Broadcasters are used to providing sponsorship IDs for broadcast commercials. This is just a reminder that if you are using influencers on your podcasts or social media platforms, the Federal Trade Commission (FTC) requires that you provide information about the relationship between the influencer and the brand they are marketing.
Last June, the FTC issued a new set of regulations governing endorsements. The FTC has noted:
“If you endorse a product through social media, your endorsement message should make it obvious when you have a relationship (“material connection”) with the brand. A “material connection” to the brand includes a personal, family, or employment relationship or a financial relationship – such as the brand paying you or giving you free or discounted products or services.
Telling your followers about these kinds of relationships is important because it helps keep your recommendations honest and truthful, and it allows people to weigh the value of your endorsements.
As an influencer, it’s your responsibility to make these disclosures, to be familiar with the Endorsement Guides, and to comply with laws against deceptive ads. Don’t rely on others to do it for you.”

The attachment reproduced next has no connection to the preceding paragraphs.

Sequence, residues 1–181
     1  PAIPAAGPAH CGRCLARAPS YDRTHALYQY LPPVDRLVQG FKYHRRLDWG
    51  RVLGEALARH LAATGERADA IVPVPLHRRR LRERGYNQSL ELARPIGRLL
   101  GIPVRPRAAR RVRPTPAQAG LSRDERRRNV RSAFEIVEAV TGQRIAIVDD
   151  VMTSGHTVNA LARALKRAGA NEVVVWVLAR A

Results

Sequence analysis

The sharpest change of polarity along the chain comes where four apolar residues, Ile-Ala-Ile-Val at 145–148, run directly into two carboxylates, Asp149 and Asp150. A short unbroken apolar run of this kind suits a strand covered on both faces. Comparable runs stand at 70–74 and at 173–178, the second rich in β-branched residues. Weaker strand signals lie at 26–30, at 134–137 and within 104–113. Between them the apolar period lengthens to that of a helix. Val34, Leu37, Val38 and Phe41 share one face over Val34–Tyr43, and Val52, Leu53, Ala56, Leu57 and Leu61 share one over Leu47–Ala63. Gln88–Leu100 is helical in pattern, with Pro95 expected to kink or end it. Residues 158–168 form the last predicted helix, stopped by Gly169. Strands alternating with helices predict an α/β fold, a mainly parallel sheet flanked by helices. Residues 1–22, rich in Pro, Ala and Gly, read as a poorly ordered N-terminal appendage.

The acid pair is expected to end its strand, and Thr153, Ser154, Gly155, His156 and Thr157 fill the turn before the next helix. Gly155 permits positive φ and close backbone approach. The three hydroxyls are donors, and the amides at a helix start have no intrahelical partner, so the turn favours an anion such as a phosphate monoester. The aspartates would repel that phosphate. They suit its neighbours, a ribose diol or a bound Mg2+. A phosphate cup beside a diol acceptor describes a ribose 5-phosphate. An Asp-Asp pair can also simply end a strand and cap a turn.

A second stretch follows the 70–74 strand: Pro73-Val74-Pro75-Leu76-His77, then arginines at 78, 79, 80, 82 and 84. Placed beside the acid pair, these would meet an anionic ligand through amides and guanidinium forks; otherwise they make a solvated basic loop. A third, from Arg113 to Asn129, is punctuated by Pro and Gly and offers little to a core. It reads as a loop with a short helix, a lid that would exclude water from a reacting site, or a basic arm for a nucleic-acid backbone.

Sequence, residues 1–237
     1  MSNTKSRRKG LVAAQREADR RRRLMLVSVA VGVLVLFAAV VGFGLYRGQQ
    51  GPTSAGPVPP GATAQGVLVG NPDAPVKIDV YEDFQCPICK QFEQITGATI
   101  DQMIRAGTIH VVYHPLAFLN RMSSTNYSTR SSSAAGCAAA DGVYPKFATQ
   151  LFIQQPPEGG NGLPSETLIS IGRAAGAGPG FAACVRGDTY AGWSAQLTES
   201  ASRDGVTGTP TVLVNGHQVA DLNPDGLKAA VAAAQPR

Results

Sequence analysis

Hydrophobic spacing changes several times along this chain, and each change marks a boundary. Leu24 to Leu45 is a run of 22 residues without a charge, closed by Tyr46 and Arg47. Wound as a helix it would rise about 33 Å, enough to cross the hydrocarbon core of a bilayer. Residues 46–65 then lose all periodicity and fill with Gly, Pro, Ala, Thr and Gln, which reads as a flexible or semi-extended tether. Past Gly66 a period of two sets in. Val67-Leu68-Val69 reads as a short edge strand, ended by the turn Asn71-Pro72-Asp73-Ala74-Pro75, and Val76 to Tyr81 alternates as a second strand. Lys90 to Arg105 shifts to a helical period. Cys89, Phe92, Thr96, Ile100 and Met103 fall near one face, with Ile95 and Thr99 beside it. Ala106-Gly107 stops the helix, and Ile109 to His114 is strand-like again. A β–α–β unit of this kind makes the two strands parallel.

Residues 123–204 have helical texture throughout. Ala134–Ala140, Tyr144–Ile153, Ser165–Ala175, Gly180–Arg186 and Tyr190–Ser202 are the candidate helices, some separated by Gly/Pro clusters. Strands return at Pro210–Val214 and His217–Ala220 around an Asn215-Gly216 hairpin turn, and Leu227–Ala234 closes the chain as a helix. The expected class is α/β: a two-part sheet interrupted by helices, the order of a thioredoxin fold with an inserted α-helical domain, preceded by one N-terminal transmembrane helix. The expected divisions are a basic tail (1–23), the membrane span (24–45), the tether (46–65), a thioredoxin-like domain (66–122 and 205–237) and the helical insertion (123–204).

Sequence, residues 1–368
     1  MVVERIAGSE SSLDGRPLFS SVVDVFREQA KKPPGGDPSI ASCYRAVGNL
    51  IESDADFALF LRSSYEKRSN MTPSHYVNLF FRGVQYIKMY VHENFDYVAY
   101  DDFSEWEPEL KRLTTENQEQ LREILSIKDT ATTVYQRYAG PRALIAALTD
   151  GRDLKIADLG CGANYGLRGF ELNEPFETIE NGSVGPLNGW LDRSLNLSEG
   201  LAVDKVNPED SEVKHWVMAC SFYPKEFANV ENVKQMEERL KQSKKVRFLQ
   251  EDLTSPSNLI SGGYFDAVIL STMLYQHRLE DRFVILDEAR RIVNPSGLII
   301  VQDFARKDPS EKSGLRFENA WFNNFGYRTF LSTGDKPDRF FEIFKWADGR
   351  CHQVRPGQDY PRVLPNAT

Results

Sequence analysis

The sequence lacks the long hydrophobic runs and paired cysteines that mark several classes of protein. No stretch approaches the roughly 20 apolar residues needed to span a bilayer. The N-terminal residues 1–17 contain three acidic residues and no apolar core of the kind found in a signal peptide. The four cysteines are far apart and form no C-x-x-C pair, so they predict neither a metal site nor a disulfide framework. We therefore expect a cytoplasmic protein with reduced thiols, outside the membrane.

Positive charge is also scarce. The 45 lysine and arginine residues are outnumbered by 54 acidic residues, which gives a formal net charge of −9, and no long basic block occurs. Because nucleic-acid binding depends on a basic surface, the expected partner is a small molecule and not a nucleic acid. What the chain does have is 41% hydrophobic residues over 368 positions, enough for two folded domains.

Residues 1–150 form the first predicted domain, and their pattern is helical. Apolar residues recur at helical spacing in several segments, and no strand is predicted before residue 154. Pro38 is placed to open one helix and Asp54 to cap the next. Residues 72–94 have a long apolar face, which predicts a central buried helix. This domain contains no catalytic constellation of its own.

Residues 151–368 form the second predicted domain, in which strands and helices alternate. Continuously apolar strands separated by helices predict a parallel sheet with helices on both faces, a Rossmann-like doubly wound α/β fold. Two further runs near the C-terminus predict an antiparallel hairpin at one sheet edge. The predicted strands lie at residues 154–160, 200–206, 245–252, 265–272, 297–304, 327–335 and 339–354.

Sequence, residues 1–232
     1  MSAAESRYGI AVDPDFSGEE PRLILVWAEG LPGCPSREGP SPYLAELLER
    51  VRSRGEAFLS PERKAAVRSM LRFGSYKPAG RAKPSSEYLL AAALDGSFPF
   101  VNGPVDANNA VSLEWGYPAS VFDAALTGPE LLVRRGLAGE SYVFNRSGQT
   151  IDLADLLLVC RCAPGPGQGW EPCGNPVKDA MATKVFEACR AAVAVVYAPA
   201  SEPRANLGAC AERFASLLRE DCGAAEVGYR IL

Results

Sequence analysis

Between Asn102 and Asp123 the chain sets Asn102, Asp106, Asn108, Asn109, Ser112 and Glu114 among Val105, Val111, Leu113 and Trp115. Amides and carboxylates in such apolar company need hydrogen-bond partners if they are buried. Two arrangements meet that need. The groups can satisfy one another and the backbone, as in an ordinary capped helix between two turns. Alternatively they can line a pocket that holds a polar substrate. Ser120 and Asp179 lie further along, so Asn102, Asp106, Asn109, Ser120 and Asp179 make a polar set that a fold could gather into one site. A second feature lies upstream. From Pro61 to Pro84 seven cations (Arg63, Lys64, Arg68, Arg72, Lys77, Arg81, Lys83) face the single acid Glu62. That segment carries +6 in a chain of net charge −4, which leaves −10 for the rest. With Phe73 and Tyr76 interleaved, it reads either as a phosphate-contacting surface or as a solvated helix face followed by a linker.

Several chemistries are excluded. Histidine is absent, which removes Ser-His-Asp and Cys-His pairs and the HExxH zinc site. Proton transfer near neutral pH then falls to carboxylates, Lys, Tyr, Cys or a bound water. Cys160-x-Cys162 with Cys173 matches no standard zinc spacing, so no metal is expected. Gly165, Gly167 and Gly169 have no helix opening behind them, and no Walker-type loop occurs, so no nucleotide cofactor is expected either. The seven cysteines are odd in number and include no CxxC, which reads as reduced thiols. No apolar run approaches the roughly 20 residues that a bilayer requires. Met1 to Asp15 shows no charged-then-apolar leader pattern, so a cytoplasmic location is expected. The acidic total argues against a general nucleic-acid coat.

According to an article in Inside Radio, the FTC has ramped up its enforcement and issued a warning.
“The FTC targeted social media posts that the American Beverage Association, whose members include Coca-Cola and PepsiCo, and the Canadian Sugar Institute sponsored but whose posts by the influencers failed to adequately disclose as sponsored content.”
The FTC’s rules would apply to a station’s digital podcasts where the influencer has received a benefit from the brand or product. However, they would also apply if an influencer discussed a product on the air as part of a “live read.” If the influencer, e.g., DJ, is receiving some form of compensation directly from the advertisers, it must be disclosed. Of course, the obligation is on the influencer. Alternatively, if the station (not the influencer) is paid to broadcast a “live read” advertisement, then under FCC rules, it needs to be clear from the context of the live read that this is a sponsored advertisement. Stations should be aware the FTC is focusing on this issue and should be careful with “live read” advertising for a product or brand.
You can access the FTC’s general requirements here.
You can access a brochure outlining the regulations here.
You can access the FTC’s detailed guidelines here.
A good article outlining the issue in Inside Radio can be found here.